Oregon Citizens Sniff Out the Top Two Primary

Joe Mathews
Connecting California Columnist and Editor, Zócalo Public Square, Fellow at the Center for Social Cohesion at Arizona State University and co-author of California Crackup: How Reform Broke the Golden State and How We Can Fix It (UC Press, 2010)

Could the Citizens Initiative Review saved California from the horrors of the top two primary?

Hard to know, but the thought occurred as I read what Oregon’s CIR process – during which a representative jury of regular voters spends a week talking with people about a ballot initiative and then makes it finding – produced on Measure 90, an Oregon initiative to establish a Top Two primary in the state.

The jury members, after making findings on what an initiative will do, also declare whether they are for or against it, and then draft arguments for and against it. It’s a good process, bringing actual humans into the deliberative process. In the case of Measure 90, the vote was 14 against the top two, and just 5 for it.

Those who opposed it listed their arguments, under the CIR. Among them: Measure 90 “limits the voice of minority voters, minor parties, and grassroots campaigns.”

Those citizens who opposed the idea also made a point often made here: that top two only has a chance of working if the first-round (so-called primary) is relabeled correctly as a general election. General elections attract more voters, but under top two voter choice is actually restricted in a general election. As the CIR put it, “A diverse electorate needs choice & diversity in the General Election… Turnout in Primary Elections is much lower than General Elections. M90 decreases choice in the General Election for all voters.” The impact, according to the CIR findings? “Nationwide, Primary turnout has fallen to less than 15%, including Top Two states.”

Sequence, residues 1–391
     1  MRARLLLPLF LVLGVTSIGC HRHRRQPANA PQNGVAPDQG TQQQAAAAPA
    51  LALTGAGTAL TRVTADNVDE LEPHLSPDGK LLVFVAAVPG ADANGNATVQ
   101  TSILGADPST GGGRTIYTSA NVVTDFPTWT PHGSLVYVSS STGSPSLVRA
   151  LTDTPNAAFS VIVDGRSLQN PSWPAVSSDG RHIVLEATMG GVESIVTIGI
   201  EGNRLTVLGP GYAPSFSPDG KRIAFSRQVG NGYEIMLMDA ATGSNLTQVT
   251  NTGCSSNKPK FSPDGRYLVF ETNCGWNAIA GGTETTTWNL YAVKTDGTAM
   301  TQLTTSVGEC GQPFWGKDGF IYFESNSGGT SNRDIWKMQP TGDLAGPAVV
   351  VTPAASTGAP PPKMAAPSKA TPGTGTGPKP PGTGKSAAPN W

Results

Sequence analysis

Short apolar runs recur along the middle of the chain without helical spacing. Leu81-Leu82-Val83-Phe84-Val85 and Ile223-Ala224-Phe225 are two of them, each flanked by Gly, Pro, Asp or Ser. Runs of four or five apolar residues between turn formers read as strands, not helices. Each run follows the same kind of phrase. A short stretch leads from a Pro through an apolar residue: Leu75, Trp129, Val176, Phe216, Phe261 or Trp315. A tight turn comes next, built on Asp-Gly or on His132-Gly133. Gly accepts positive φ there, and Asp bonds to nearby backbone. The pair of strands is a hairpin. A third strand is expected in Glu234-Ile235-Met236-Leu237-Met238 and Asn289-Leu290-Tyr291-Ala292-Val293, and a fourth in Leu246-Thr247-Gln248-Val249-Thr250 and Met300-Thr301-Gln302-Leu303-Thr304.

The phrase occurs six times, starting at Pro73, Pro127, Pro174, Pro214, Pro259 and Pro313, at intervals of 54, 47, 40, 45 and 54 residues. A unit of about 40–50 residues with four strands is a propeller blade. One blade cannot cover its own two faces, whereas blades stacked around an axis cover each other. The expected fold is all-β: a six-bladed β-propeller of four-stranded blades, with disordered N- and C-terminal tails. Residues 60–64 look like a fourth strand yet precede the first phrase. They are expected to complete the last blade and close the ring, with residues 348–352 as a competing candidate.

The group did look at the top two experience both in California and Washington – and it was clear that the Oregonians were eager to avoid repeating California’s experience with top two, which has produced perverse outcomes and a weakening of political parties, and has coincided with record low turnouts.

The citizens who supported Measure 90 were at paints to distinguish the Oregon initiative from its California counterparts, emphasizing that Oregon candidates will be able to list their party affiliation and endorsements. In their argument for Measure 90, the CIR found: “M90 differs from the Top Two systems of California and Washington, because it allows voters to see candidates’ personal party registration and all party endorsements that s/he accepts. This information helps voters understand candidates’ views and allies.”

California could have adopted Citizens Initiative Review for this election year, but our reform community didn’t embrace it – or any other major reform – in the minor legislation, SB 1253, that just passed the legislature. (Jon Coupal of Howard Jarvis Taxpayers noted another significant omission – on title and summary power – in a recent post here). Why not? The League of Voters foolishly, and incorrectly, saw CIR as a competitor. And of course, our good government groups like to maintain their perfect record of never missing an opportunity to miss an opportunity.

Reading the records of the Oregon process, it’s clear that the Oregon measure is getting more detailed scrutiny and deliberation than the top two primary measure did in California in 2010. That’s too bad. California might have been better off if the top two’s flaws had been more apparent sooner.

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